The following column ran in the May 3, 2020 issue of The Beaumont Enterprise.
While there are major differences, during the CVID-19 pandemic we can find parallels between the situation we find ourselves now and the Spanish Flu pandemic that began in 1918.
The 1918 pandemic killed at least 50 million people globally, with 675,000 in the U.S. While the novel coronavirus looks like it will fall well short of that mark, one could argue that advances in technology — and the accompanying quick dissemination of knowledge — are a major part of that.
We can argue about slow reaction times and lack of governmental preparedness, but the reality is that once the severity of the situation was realized, the populace was quickly alerted. We have internet and television to quickly lay out facts and information to alert people to isolation rules. There is no doubt this significantly slowed the spread.
In 1918, the only access to information was a newspaper, which would be printed the day after any announcements. There was no TV, no internet, not even radio — the first known radio news broadcast was not broadcast until Aug. 31, 1920 in Detroit. This meant the spread was rapid as people were infected before they were even aware of the issue.
How lucky we are to have access to medical information almost instantly. And yet, access to so much information seems to breed willful ignorance. People are choosing to dismiss information given by Dr. Anthony Fauci, one of the world’s leading virologists, in favor of misguided pronouncements by reality show charlatans like Dr. Phil and Dr. Oz.
Worse still, people armed only with google and some Facebook memes now fancy themselves to be expert virologists, actively rejecting information passed on by news outlets who, somehow, are accused of perpetrating the pandemic.
People are protesting stay-at-home orders and social distancing rules, as if it is some sort of rebellious act of freedom. More than a thousand people pack into a Louisiana church each Sunday under the pastor’s calls for “freedom of religion.”
Honestly, I am fine with these people congregating if the only people they are endangering are themselves. There’s something vaguely Darwinian about their determination to put themselves at risk like that. Unfortunately, they are also allowed back out in society, where their faith in their church is matched only by their willful disregard for social distancing.
Incidentally, the lawyer for Louisiana pastor Tony Spell and the Life Tabernacle Church has contracted the coronavirus and a church member has since died from it. The church member was an usher so who knows how many people he may have infected?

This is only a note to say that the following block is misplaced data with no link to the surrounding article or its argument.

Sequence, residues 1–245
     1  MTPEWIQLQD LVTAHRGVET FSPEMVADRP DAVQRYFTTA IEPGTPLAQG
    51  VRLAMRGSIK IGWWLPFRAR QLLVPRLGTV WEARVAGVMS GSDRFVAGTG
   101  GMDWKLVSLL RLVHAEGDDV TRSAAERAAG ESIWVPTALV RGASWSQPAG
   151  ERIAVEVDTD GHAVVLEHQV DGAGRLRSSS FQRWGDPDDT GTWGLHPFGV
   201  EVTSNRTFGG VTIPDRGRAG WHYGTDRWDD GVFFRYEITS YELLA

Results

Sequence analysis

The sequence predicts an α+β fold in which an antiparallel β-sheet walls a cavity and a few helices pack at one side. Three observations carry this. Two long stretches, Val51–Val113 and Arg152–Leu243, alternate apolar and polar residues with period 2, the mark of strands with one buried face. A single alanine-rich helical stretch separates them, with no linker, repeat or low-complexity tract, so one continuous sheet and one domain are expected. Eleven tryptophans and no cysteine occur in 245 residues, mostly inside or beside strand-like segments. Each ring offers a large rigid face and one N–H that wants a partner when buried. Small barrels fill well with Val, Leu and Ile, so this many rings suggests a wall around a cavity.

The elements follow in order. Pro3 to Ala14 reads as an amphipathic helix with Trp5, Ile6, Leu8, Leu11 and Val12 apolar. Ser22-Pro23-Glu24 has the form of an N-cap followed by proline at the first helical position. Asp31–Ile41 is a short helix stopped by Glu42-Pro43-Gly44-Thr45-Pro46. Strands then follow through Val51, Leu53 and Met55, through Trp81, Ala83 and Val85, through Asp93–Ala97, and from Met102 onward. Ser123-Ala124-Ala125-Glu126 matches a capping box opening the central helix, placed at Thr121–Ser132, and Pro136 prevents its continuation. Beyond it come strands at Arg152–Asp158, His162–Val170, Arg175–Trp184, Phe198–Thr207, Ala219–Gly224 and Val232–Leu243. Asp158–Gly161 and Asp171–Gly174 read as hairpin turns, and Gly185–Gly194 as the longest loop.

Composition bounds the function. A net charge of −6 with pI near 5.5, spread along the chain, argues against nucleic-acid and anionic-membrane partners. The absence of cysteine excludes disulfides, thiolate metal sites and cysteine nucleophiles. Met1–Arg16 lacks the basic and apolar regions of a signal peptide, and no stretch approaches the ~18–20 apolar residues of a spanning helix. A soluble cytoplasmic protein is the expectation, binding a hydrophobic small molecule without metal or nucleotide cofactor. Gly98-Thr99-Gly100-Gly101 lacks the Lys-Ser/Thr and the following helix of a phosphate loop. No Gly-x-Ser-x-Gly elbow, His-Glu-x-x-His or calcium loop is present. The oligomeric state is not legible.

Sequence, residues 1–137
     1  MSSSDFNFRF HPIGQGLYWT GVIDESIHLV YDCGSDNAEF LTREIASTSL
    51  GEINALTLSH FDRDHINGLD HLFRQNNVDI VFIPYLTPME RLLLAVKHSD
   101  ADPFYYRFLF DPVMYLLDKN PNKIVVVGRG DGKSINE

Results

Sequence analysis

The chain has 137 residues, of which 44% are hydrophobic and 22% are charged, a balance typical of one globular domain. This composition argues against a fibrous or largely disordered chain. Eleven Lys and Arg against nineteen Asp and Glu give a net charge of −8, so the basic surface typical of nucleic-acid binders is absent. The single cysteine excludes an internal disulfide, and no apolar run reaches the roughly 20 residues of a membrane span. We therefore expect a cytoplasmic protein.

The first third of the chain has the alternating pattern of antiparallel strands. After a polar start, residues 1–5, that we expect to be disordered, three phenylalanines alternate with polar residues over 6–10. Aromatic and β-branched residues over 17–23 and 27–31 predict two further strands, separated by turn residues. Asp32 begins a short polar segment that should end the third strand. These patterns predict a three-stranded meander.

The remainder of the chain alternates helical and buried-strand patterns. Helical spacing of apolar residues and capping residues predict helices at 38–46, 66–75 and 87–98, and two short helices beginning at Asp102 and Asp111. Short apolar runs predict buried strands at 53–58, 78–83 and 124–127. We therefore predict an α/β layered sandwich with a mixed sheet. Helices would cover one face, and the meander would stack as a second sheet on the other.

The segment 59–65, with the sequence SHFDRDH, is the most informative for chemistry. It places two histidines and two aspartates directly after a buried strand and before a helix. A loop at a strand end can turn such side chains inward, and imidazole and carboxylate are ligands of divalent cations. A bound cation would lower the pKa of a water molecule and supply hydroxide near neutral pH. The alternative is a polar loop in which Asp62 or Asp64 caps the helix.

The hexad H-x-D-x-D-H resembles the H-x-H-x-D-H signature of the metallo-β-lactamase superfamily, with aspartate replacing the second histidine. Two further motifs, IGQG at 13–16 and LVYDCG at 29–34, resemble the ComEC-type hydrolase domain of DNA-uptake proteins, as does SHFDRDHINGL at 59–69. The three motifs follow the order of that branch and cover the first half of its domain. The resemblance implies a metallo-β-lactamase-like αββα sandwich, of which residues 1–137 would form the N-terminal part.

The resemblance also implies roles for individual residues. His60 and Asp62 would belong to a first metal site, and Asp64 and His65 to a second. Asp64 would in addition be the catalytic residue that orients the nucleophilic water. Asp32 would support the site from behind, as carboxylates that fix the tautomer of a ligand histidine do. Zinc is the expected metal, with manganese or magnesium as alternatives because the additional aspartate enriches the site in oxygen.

Maybe the church members would be willing to lock themselves in. Then they could worship all they want without infecting others. It would be like being on a cruise ship — no problems there.
Now there is a clamor to “re-start the economy.” This despite still having inadequate testing and no antibody testing to determine if someone has already had the disease. Or even knowing if previous exposure guarantees immunity against re-infection. Texas Governor Greg Abbott has decided to re-open restaurants May 1, provided they are 25 percent capacity. We cannot keep people off the streets, so how many will flout that rule?.
If we look at the 1918 pandemic, the first wave was in March but eased during the summer months as people practiced social distancing (or simply dying). When World War I finally ended, millions of people across the country joined victory parades, with 250,000 people packing together in Philadelphia alone. The resulting “second wave” killed more people than died in WWI.
There was little understanding of transmission of Spanish Flu. In fact, scientists assumed the influenza was caused by a bacteria (while viruses were discovered in the 1880s, it was not until the invention of the electron microscope in 1931 that images of a virus was seen). Viruses need a host to survive, so if the host does not transmit the disease during the life of the virus, then the virus will die. This is why ebola outbreaks were so short. The virus killed the host fast before it could be transmitted. COVID-19m unfortunately, has a longer life span.
This is why social distancing works. The COVID-19 has a finite lifespan, but can still survive on plastic or steel for seven days (influenza typically stays active on surfaces for only hours).
So now we are seeing protesters at various state capitals, brandishing their 2nd Amendment assault rifles and their right-wing paraphernalia, screaming about their right to mingle in public and, presumably, kill themselves or their loved ones. Others are champing at the bit to crowd onto beaches and parks.
Despite a world of information at our fingertips, people are refusing to learn from the lessons of 1918-19. That pandemic came in three waves. We have a chance to limit this to one, but seeing the attitudes and actions of the willfully ignorant, I am not hopeful.